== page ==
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Note for Highway and Traffic Engineering - HTE by William Kiros

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Text from page-3

Bridges 19.2.2 Class 70R Loading This loading consists of a tracked vehicle of 700 kN or a wheeled vehicle of total load of 1000 kN.The tracked vehicle as shown in Figure 19.2 is siinilar to that of Class AA. The wheeled vehicle as shown in Figure 19.2 is 15.22 m long and has seven axles with loads totaling 1000 kN. This loading was originally included in the Appendix to the bridge code for use for the rating of existing bridges. In recent years, there is an increasing tendency to specify this loading in place of Class AA loading. etwO3 1 :;; L.bb55 0v.r 5 5 I a l TRACKED VEHICLE eoolr LOADINS W H E E L SPACING I b l WHEELED VEHICLE , Figure 19.2 :IRC Class 70R Loading Class A Loading Class A loading consists of a train of wheel loads carrying a driving vehicle and two trailers as shown in Figure 19.3. Class B Loading This loading also comprises a driving unit and two trailers similar to that of Class A loading but with smaller axle loads as shown in Figure 19.3. 19.2.5 Impact Effect Moving vehicles produce higher stresses than those which would be caused if the vehicles are stationary. It is mainly because of the impact caused by vehicles during motion on an uneven surface of the road. In order to take into account the increase in stresses due to dynamic action and still proceed with the simpler statistical analysis, an impact allowance is made for impact. The impact allowance is expressed as a function of the percentage of the applied live load, and is computed as below : (a) For IRC Class A or B Loading I = 0.5 for L 13m I = 0.088 for 3mIL545m for L 2 45 m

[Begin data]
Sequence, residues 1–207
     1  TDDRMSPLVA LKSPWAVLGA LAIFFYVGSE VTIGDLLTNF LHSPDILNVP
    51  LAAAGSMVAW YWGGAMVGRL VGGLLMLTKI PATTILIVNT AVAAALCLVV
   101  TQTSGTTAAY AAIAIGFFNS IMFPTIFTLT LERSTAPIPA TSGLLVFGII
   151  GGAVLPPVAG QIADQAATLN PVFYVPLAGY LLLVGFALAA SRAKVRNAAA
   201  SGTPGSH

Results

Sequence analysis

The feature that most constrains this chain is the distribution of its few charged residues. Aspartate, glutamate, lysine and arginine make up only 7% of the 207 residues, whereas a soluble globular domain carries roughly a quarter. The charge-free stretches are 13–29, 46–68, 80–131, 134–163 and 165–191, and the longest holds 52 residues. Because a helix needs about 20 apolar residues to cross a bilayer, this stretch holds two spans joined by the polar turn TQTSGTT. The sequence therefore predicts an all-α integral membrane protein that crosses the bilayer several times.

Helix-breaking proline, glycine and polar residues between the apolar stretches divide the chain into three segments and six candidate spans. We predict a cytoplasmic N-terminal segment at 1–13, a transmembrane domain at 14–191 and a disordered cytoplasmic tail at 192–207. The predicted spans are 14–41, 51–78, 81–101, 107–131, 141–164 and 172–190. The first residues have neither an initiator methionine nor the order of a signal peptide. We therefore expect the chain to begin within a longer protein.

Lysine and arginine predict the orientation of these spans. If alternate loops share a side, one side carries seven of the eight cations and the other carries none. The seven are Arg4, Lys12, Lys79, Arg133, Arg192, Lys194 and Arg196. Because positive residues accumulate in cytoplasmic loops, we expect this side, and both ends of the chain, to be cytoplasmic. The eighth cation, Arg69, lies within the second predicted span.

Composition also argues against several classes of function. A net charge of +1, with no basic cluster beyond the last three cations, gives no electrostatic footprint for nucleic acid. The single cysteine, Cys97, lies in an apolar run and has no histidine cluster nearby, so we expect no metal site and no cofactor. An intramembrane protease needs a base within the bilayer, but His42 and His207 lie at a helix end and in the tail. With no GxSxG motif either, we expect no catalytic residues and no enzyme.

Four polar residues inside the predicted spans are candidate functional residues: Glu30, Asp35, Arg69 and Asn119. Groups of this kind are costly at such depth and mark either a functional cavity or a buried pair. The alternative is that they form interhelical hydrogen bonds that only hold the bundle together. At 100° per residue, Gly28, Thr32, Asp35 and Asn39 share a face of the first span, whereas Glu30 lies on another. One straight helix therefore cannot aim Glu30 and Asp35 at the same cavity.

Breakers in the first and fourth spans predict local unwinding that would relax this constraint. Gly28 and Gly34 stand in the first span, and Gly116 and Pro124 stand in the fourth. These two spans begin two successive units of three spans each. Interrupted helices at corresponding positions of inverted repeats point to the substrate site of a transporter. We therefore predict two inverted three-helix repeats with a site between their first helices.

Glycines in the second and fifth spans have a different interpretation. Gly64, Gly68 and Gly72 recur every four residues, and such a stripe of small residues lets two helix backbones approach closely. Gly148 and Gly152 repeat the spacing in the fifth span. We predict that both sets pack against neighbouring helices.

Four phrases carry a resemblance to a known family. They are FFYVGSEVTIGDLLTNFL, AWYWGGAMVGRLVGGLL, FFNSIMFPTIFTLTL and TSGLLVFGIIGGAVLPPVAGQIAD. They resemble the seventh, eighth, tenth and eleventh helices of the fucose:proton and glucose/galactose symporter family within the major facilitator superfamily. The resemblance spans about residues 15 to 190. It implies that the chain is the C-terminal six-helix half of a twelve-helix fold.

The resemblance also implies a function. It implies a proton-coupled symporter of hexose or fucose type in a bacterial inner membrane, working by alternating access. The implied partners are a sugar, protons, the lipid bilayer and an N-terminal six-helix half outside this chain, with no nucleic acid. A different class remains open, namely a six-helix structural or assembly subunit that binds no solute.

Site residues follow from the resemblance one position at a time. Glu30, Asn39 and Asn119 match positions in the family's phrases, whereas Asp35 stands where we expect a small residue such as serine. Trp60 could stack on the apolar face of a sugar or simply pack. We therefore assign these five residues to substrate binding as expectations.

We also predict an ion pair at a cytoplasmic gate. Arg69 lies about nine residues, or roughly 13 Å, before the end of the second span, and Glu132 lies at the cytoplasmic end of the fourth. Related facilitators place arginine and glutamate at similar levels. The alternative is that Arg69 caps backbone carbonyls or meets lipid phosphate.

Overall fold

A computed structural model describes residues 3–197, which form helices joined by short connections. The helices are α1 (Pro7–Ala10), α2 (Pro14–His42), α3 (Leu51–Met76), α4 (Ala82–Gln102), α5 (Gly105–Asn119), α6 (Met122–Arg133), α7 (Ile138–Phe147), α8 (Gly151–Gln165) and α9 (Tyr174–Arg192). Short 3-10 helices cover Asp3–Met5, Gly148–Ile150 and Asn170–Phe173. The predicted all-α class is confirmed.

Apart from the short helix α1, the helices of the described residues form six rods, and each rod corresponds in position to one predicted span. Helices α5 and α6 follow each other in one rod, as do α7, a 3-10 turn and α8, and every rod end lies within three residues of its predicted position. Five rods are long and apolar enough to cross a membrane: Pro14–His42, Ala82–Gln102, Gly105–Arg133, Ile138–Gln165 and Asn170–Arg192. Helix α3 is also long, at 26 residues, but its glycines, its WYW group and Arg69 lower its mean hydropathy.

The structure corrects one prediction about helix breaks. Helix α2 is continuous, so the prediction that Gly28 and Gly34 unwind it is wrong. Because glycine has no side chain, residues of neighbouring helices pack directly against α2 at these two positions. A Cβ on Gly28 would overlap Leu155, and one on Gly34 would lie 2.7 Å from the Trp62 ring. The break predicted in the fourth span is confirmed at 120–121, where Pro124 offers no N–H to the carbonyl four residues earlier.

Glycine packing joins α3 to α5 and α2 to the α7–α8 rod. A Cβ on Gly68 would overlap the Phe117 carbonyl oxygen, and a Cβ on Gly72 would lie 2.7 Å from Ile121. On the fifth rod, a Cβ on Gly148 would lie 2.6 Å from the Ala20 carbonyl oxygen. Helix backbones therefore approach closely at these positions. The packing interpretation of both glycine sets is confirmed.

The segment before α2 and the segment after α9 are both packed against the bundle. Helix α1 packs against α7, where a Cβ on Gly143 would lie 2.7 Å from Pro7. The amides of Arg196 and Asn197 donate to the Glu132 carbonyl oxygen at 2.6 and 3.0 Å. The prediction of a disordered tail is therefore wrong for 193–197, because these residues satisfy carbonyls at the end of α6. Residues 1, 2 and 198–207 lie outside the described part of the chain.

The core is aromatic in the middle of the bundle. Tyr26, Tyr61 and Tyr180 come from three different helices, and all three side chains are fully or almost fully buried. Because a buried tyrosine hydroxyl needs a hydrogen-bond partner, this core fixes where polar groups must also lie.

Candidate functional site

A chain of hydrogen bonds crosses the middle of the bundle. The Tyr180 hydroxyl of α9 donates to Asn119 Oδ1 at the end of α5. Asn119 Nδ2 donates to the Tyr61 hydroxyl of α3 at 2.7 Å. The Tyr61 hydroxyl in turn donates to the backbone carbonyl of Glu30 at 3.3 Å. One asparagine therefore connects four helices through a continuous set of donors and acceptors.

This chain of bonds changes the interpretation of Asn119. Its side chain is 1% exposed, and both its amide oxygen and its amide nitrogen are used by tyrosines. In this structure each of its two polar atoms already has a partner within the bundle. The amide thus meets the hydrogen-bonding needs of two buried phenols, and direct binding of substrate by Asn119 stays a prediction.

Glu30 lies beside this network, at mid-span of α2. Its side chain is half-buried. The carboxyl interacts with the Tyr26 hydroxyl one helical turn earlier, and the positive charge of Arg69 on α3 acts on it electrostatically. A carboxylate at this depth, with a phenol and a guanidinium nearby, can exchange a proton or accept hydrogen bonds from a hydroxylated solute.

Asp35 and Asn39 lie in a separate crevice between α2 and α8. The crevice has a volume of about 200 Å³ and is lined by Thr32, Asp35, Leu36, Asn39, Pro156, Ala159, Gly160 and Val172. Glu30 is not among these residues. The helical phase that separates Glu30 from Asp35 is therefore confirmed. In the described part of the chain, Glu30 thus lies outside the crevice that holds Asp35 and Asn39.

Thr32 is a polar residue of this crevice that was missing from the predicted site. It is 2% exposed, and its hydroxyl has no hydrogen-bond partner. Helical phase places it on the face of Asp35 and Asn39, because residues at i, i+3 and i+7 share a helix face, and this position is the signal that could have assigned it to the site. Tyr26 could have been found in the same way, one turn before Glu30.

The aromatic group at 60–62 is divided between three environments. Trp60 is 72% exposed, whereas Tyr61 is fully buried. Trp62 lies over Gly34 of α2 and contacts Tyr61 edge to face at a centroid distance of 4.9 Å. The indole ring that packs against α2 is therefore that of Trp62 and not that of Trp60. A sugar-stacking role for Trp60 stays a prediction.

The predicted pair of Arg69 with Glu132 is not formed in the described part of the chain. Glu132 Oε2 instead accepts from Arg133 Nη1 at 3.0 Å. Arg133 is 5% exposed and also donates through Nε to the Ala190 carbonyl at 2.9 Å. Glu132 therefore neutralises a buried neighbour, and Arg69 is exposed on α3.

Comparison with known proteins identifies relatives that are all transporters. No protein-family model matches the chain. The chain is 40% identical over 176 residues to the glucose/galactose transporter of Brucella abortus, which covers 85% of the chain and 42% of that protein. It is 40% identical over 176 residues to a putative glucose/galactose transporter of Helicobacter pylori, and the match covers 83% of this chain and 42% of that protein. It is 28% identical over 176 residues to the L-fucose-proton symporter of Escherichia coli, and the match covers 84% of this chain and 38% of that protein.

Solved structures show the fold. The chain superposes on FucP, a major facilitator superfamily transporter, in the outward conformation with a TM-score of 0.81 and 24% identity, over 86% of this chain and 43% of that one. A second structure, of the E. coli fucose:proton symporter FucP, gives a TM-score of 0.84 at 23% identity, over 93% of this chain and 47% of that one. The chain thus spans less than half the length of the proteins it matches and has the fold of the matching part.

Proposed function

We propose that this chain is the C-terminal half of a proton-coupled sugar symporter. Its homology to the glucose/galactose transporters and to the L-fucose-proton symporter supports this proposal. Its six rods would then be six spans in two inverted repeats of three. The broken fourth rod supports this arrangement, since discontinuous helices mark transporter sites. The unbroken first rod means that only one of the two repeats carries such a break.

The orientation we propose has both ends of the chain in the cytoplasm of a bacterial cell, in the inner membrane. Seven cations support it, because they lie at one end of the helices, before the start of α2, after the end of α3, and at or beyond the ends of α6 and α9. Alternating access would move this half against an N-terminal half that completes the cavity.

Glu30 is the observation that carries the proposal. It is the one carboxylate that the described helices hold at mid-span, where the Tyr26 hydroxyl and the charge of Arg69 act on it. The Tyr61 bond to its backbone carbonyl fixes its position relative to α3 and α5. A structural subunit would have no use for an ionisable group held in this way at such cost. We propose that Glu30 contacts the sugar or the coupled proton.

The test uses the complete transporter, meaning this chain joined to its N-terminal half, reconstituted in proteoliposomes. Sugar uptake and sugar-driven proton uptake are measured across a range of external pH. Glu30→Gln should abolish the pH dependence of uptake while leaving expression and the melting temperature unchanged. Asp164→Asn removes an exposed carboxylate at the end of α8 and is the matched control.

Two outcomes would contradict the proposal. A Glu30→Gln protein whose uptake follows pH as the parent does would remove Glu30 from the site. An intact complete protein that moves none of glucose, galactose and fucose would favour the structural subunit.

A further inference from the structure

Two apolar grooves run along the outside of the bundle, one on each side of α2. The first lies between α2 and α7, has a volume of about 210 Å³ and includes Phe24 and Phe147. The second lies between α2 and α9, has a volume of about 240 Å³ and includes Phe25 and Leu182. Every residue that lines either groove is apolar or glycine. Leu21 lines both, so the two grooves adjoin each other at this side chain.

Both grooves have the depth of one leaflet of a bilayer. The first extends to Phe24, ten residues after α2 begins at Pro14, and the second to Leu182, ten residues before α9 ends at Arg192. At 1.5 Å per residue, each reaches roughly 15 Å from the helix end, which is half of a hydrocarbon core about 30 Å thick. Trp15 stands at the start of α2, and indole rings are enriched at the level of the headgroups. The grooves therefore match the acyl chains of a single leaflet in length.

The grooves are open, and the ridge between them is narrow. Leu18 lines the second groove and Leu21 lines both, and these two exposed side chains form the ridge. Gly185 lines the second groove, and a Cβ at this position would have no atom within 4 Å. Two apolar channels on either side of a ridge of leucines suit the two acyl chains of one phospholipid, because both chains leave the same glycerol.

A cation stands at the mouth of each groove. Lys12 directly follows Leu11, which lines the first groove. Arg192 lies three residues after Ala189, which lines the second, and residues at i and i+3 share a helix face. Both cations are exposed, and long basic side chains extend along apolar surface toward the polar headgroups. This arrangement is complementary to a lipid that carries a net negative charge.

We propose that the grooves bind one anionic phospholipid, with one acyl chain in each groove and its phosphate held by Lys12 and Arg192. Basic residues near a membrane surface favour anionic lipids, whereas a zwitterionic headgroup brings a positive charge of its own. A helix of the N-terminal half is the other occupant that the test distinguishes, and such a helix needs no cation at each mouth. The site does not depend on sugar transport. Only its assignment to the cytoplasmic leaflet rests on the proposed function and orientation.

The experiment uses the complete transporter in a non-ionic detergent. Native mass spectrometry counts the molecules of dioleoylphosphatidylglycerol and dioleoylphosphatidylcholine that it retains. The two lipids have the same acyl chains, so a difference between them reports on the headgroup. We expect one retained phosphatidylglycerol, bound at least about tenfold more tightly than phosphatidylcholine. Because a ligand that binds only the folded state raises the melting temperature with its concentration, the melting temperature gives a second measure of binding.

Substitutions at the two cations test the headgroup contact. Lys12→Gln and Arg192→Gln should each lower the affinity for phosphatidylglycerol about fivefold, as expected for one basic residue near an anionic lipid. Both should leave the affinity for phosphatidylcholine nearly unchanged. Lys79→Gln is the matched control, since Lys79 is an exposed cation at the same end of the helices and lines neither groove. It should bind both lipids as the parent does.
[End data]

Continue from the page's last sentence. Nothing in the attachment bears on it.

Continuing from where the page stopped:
Text from page-4

- RCC Structures I1 where, I is the impact fraction factor, and L is the span in meters. (b) $or IRC Class AA or 70R Loading Tracked Vehicles : I = 0.25 for L 1 5m + 0.0375 (9 - L) I = 0.088 + (45 - L)/3000 for 5 m I L I 9 m for 9 m I L I 45 m I = 0.888 for L 1 45 m I = 0.1 Wheeled Vehicles : I = 0.25 I = 4.5 6 + L for L 1 12m for 12mILS45m I = 0.088 for L 2 45 m The impact fraction factor, I, can alternatively be read from Figure 19.4. 0 KK I zr bb . . =3" 3% 3 3 3 AXIAL LOAD (kt4 CLASS A z CLASS B 1 AXIAL LOAD IkN) CONTACT WIDTH B W Ira) lmn) 250 500 3w 300 100 175 w 114 6) 41 27 16 100 150 150 125 .DRIVING VEHICLES C LEARANCES Over 7.5 Figure 193 :IRC Class A and B Loadings 19.2.6 Selection of Loading for the Design of a Bridge The following points should be considered while deciding the loading to be considered in the design of a bridge. The Class AA or 70R loading is to be adopted for bridges located within certain specified municipal localities and along specified highways. Normally structures on National Highways and State Highways are provided for these loading. Structures designed for Class AA or 70R loading should also be checked for Class A loading, since under certain conditions, more severe s e s s e s may be obtained under Class A loading. Class 70R loading should oniv be considered when it is soecificallv snecified.